• Make the Poverty Tax Exemption (HPTAP) retroactive for multiple years: Because many Detroit households at risk of foreclosure have delinquent taxes going back several years—and because many have delinquent taxes for years they would have qualified for the HPTAP—another potential intervention is to make the HPTAP retroactive. As Akers and Seymour note, such an action would “compensate in-part for the barriers low-income homeowners faced in accessing the exemption in prior years” and would “dramatically reduce the number of owner-occupied homes entering foreclosure in Detroit.” While stopping short of a retroactive PTE, the new Pay as You Stay program, backed by Detroit Mayor Mike Duggan and Wayne County Treasurer Eric Sabree, is an effort to help reduce the burden of back property taxes for low-income Detroiters. The program requires approval from the Michigan Legislature.
  • Continue and expand targeted enforcement of bulk owners and contract sellers: While the Detroit Land Bank uses the city’s nuisance abatement program to repossess vacant homes owned by absentee landlords, Akers and Seymour recommend a more targeted approach focused on those owners the data shows are tied to an outsized number of evictions and demolitions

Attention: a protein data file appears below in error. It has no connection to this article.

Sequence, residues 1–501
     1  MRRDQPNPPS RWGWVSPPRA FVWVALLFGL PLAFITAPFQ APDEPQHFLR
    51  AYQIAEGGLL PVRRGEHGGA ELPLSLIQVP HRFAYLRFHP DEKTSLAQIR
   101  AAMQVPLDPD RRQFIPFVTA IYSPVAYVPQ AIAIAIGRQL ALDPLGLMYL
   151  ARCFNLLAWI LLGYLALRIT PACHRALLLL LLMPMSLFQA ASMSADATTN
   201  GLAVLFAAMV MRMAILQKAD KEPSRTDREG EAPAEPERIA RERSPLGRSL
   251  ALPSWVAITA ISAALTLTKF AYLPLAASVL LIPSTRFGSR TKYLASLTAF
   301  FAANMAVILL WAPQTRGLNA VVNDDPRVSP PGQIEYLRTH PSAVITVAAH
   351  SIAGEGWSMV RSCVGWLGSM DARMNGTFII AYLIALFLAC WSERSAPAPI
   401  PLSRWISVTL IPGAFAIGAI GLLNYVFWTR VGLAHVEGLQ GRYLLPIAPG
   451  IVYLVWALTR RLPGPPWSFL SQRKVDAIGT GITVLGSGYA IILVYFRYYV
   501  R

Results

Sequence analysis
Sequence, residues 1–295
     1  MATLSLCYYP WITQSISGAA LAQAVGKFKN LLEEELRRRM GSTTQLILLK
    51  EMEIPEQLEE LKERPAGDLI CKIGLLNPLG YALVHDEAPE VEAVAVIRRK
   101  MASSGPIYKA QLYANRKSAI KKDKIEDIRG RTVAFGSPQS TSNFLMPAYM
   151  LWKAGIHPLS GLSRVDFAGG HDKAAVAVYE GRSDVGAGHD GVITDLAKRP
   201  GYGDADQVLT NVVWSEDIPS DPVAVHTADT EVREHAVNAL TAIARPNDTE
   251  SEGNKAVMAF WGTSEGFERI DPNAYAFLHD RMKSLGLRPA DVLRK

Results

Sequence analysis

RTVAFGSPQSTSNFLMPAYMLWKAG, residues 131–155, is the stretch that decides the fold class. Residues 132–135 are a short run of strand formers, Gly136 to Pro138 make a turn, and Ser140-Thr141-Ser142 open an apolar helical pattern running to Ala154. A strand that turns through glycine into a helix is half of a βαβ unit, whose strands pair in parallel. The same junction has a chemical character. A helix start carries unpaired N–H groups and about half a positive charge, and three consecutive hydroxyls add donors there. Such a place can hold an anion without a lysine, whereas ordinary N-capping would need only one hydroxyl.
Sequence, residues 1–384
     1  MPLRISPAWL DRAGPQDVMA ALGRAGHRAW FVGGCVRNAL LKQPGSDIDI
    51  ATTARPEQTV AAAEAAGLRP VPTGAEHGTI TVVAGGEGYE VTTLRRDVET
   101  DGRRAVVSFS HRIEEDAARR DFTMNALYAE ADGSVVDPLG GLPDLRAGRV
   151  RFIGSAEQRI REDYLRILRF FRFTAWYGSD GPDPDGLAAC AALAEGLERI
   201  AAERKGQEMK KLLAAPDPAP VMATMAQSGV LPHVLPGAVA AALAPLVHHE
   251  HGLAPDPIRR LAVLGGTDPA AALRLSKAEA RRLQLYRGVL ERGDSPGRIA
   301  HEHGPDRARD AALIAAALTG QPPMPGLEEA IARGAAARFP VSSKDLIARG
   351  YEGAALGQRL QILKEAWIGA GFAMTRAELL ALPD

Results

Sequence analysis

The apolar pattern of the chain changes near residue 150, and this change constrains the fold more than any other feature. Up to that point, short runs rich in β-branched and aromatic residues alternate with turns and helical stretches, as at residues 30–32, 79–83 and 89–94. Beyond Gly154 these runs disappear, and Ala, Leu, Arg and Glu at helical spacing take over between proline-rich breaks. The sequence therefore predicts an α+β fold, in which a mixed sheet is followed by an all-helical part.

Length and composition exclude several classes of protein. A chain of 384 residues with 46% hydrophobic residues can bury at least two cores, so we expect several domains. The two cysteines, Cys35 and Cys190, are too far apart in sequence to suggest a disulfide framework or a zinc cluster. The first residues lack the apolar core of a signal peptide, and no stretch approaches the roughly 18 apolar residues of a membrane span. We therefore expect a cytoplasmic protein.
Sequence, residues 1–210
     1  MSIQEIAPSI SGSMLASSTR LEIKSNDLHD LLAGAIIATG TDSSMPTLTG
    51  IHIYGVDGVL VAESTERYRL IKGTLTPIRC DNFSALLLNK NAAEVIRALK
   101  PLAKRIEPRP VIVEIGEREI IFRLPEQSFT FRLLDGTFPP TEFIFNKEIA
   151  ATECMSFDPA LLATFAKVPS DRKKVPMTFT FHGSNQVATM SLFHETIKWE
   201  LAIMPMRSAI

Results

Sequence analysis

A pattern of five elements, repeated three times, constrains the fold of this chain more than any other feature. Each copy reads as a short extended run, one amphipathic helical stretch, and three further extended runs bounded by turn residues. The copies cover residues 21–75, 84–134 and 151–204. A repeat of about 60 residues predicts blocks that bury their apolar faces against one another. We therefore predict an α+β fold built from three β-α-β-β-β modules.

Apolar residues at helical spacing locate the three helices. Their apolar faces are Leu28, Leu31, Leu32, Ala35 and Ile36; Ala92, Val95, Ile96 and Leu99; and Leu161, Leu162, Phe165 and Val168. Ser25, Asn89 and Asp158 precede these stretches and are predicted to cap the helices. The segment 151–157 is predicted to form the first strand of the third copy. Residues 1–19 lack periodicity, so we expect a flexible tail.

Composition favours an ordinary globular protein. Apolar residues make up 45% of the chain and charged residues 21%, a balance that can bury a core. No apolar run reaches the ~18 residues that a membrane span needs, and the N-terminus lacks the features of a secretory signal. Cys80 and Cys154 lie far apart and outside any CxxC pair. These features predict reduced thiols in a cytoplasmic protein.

• Enforcement and adjudication of the City of Detroit’s rental ordinance: Akers and Seymour note that while the City of Detroit has increased efforts to enforce the city’s rental ordinance, the vast majority of landlords have failed to register their properties or pass inspection. Concurrently, the 36th District Court does not always recognize tenants’ rights under the ordinance to withhold rent if properties are in disrepair. The authors note that if the court required compliance with the ordinance in order for landlords to bring landlord-tenant disputes before the court, it could help to both push landlords to become compliant and reduce evictions.
  • Adjudicate land installment contracts as forfeiture rather than landlord-tenant cases: Land contracts are often structured so that they revert to rental agreements after a single missed payment, leading to eviction. Akers and Seymour note that under a land contract, the buyer is generally granted more rights, such as a longer “redemption window” in which to make payments. The authors write that if the 36th District Court refused to recognize these contracts as landlord-tenant disputes and forced the seller to pursue the case as a contract forfeiture, it would both reduce evictions and make predatory land contracts less desirable to sellers.
  • Provide counsel to low-income tenants facing eviction: Fewer than 5% of tenants facing eviction in Detroit have legal representation, compared to 83% of landlords. More than half
    of tenants in eviction cases do not show up for court. When tenants had legal representation, two-thirds of these cases were resolved with an agreement between the landlord and
    tenant. When tenants do not have legal representation, three-quarters of cases are likely to end in “disruptive displacement” from the home. The estimated cost of a publicly-funded legal counsel program in Detroit is between $3.5 million and $4 million annually, including both legal representation and support services.